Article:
G.N. Das, J.
1. This Rule was obtained by the petitioner who is a tenant of a room in premises No. 24A Canning Street in the city of Calcutta. The petitioner applied on 29-4-1949 for fixation of standard rent in respect of the said room. The Rent Controller fixed the standard rent at Rs. 171-7-3 with effect from 1-4-1949. On appeal the Judge of the Court of Small Causes by his order dated 25-9-1950, has modified the order of the Rent Controller & has fixed the standard rent at Rs. 140-9-6 with effect from 1-5-1950. The petitioner assails the order of the Small Cause Court Judge on the ground that there was no basic rent in respect of the disputed premises and as such the fixation of standard rent was erroneous in law.
2. The question depends on certain facts to which reference should be made. It appears that the disputed room, was let out on 1-12-1941 in two portions to two separate tenants. The rent paid by the tenant in respect of the western portion of the room was Rs. 65/- per mensem. The rent paid by the tenant occupying the eastern portion of the room was Rs. 58/- per mensem. It appears that since September 1942 the entire room was let out to the petitioner's predecessor-in-interest at a rent of Rs. 90/- the intervening partition wall having been removed from the said room. The rent payable by the predecessor-in-interest of the present petitioner was later raised to Rs. 100/-. It does not appear when the rent was so increased. The Rent Controller proceeded on the footing that the basic rent could be ascertained by totalling up the rent payable in respect of the two portions of the disputed room and by giving to the landlord an increase in the taxes payable by the tenant. The appellate Court has modified this decree but the effect of the decisions of both the Courts below is the same. The decision, proceeds on the footing that the room, the standardisation of rent whereof is in question, was let out on 1-12-1941, as the rent paid by the tenants occupying the two portions of the said room. The question is whether it could be said that the premises the rent whereof is sought to be standardised were let out at a certain rent on 1-12-1941.
3. In order to deal with this contention it is necessary to refer to certain provisions of the West Bengal Premises Rent Control Act (Act 17 of 1950). This Act came into force on 30-3-1950. The application for standardisation of rent was made when the earlier Act, West Bengal Premises Rent Control (Temporary Provisions) Act (Act 38 of 1940) was in force. It is not disputed that the rights of the landlord and tenant, so far as it concerns the application for standardisation of the rent, would be governed by the provisions of the 1950 Act. Section 9 of the 1950 Act confers on the Rent Controller jurisdiction to fix the standard rent payable for any premises. Section 9(1) provides as follows:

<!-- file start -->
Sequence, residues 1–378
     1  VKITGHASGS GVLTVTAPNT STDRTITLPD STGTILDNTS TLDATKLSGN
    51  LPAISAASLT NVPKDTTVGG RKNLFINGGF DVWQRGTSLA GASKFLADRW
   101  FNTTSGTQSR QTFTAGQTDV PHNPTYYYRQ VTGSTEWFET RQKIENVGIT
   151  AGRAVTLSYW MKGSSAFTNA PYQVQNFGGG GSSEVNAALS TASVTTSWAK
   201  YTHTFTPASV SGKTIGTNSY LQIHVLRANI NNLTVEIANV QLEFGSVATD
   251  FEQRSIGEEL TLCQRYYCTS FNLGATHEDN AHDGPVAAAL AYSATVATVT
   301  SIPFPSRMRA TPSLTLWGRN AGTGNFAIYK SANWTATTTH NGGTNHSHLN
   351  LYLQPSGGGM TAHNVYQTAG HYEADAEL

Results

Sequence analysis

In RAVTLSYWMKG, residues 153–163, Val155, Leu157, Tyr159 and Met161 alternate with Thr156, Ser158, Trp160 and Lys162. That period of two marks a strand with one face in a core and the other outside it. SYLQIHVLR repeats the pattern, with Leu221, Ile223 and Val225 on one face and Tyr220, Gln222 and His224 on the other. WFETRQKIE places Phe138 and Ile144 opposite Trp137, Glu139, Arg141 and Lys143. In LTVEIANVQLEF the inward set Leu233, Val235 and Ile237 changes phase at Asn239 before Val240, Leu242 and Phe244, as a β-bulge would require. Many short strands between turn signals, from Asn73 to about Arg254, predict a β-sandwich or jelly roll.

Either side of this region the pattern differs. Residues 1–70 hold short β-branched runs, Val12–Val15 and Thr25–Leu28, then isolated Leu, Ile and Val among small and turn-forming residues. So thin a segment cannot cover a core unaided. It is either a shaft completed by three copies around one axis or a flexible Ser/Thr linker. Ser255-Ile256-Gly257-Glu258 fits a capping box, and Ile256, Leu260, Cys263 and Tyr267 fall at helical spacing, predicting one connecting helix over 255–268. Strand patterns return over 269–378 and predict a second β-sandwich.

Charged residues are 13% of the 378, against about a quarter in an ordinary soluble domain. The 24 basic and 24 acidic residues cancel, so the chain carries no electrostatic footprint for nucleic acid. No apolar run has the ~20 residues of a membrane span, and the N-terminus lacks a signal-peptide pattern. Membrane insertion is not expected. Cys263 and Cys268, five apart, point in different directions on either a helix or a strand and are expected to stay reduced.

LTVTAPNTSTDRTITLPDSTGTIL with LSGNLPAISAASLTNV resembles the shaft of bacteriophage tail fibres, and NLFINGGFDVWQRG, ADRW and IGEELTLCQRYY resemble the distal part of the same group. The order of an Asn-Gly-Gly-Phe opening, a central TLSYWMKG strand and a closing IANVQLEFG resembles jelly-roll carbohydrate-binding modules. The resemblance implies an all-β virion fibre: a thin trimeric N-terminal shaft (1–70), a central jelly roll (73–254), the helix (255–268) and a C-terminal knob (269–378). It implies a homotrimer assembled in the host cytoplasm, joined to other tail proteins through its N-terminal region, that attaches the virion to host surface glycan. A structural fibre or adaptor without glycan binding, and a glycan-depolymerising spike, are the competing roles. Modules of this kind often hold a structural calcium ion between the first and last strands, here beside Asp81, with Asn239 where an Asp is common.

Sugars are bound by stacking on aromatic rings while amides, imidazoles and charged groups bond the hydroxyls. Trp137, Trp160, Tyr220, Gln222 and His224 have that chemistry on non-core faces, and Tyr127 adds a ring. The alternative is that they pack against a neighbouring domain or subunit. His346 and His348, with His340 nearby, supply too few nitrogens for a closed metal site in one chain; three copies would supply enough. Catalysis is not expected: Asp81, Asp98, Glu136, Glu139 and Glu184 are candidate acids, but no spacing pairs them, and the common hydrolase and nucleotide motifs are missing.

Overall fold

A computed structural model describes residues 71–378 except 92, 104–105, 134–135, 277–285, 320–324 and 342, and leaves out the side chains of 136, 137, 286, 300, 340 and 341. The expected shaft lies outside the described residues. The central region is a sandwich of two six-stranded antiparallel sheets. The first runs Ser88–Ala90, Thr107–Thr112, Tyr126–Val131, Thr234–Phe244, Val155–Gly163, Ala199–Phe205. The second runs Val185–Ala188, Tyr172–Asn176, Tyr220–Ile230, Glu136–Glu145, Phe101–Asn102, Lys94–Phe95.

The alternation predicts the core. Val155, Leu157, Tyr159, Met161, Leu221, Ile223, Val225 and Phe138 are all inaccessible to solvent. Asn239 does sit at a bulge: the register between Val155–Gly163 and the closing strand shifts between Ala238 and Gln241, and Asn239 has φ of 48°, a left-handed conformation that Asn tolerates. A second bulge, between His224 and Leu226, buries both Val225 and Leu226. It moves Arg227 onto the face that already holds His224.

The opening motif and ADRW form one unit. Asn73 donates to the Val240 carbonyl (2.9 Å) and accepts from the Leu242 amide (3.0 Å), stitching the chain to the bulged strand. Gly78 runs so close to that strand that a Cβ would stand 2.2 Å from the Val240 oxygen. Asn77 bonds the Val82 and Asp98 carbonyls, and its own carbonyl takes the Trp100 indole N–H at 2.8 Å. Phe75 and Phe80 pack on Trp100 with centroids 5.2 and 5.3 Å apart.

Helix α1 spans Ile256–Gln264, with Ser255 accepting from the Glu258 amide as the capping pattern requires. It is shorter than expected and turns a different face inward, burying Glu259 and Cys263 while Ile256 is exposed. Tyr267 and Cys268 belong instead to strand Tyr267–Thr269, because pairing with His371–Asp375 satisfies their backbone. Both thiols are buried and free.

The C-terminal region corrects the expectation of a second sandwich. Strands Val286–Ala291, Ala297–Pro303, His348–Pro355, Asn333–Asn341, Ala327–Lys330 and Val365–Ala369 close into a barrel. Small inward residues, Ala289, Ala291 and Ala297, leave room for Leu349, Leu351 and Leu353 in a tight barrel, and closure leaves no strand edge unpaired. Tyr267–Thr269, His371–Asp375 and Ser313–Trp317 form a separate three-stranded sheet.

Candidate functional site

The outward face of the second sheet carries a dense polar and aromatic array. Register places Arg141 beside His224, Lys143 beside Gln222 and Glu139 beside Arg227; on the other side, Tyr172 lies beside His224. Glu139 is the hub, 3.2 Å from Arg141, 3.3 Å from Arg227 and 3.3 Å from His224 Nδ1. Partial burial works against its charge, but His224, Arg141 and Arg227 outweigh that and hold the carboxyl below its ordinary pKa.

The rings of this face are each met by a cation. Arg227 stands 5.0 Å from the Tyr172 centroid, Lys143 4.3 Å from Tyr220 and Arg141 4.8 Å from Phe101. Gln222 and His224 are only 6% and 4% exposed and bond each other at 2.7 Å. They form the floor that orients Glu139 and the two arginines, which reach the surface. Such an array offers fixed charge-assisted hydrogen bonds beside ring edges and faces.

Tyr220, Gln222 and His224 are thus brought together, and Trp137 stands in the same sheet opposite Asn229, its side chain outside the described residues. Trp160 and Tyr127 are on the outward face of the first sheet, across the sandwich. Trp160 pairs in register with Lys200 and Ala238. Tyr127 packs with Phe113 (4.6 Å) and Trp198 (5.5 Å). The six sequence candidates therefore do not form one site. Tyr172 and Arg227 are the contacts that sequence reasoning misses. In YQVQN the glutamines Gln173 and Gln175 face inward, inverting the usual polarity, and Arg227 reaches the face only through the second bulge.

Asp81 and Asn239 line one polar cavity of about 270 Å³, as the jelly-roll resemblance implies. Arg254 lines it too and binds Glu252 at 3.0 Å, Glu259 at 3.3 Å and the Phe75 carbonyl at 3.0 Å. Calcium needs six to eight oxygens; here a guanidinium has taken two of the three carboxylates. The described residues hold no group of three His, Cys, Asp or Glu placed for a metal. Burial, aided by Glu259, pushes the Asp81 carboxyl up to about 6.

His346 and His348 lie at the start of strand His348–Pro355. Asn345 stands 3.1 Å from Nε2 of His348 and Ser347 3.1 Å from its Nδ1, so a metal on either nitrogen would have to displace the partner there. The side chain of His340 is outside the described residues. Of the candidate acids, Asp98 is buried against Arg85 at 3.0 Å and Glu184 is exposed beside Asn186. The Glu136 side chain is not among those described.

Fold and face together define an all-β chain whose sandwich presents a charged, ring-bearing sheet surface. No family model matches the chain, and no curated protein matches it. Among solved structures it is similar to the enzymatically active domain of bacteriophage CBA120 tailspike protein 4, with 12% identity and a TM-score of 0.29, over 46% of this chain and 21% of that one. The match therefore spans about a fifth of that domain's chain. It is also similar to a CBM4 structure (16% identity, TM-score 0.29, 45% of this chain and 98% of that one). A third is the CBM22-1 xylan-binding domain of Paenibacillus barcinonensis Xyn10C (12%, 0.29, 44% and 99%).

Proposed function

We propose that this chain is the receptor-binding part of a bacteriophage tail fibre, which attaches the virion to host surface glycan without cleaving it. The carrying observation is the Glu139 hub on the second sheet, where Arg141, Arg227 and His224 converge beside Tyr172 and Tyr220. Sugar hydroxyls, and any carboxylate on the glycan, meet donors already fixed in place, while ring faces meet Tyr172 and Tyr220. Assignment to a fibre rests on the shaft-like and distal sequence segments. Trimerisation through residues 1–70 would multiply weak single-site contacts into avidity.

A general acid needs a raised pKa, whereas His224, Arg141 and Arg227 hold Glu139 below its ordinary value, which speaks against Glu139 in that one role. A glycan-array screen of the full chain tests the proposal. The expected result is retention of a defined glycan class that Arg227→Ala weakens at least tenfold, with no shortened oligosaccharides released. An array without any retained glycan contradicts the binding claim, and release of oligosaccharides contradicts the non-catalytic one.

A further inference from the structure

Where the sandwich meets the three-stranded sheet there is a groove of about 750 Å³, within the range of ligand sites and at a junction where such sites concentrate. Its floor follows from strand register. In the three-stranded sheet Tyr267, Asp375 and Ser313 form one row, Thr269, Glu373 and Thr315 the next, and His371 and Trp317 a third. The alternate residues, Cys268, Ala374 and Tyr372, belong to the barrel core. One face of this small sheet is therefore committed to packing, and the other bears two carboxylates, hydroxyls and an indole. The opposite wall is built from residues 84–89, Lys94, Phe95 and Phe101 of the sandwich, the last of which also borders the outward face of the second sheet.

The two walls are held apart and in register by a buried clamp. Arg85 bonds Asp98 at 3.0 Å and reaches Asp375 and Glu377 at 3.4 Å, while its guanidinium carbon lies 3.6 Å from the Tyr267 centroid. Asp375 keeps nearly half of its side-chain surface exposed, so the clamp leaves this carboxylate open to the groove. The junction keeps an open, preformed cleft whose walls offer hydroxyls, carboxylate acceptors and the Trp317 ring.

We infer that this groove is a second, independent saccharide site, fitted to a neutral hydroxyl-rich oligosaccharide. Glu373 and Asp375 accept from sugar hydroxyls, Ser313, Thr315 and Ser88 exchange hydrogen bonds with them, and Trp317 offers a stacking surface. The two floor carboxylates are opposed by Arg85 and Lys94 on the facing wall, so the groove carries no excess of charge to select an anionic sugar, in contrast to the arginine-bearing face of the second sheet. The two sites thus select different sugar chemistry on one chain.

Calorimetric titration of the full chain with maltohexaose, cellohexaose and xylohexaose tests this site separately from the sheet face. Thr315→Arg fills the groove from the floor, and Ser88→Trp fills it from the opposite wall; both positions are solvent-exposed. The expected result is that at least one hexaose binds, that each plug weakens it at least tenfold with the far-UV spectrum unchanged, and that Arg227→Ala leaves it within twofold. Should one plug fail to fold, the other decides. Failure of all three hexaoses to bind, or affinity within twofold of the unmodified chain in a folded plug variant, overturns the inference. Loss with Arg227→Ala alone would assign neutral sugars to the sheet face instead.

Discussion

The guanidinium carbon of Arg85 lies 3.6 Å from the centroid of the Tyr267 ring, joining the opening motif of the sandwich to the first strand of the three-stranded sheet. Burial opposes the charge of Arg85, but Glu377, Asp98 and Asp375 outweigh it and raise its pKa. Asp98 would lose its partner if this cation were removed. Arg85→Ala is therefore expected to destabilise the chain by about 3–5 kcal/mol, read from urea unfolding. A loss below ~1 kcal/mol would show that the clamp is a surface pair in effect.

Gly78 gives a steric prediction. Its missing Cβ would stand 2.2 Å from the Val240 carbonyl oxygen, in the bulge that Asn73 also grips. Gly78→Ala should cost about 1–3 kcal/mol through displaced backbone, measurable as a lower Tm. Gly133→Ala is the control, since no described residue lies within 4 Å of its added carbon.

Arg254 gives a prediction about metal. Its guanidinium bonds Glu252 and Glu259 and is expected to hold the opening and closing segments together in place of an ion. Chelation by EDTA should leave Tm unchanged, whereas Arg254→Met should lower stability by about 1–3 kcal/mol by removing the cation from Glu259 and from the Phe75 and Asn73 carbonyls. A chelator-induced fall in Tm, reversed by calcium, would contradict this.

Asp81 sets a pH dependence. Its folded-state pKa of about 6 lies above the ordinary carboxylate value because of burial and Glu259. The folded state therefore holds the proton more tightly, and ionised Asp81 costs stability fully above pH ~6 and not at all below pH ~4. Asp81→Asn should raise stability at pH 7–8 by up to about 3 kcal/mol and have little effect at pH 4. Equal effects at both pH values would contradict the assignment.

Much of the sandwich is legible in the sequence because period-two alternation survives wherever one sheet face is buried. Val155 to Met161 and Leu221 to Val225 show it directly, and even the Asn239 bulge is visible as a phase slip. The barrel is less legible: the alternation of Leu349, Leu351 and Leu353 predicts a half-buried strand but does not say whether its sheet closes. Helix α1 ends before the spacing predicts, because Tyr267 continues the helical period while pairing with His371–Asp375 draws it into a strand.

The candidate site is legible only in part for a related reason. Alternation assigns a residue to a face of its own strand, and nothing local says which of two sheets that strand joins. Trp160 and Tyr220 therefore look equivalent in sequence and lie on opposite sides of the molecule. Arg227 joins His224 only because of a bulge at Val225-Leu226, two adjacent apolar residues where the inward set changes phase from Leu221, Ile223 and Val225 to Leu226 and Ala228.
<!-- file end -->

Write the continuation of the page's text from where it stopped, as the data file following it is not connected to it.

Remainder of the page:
'In any of the following cases, the Controller shall on application by any landlord or tenant fix the standard rent as set forth hereunder (a) where the provisions of Schedule A apply and there is no cause for the alteration of the rate of standard rent as determined according to the schedule for any of the reasons mentioned in the following clauses, in accordance with the provisions of Schedule A.'
We are not concerned with Clauses (b) to (d) for the purpose of the present case. Clause (e) runs as follows:
'Excepting the case covered by Clause (f) following where the provisions of Schedule A for determining the standard rent do not apply, either because the premises or the whole of the premises were not let on 1-12-1941 or for some other reasons, or where any premises have been let rent free or at a nominal rent, or for some consideration other than money rent, or in addition to money rent, by fixing the standard rent at a rate in accordance with Schedule A, taking the rent which would have been reasonably payable for the premises it let on 1-12-1941, as basic rent under the said schedule.'
We are not concerned with Clauses (f) and (g). We have now to refer to Schedule A to find out what the standard rent should be. Schedule A is headed as 'provision for determining the standard rent of premises.' The disputed room is used as a shop and not for residential purposes. The material clause would therefore be para 3, which says that where the premises are used or mainly used otherwise than for residential purposes the standard rent
'shall be (a) the basic rent, if a period of three years had not elapsed after the time when rent was fixed as mentioned in para 1(a) or the increased rent as mentioned in para 1(b) was first paid.'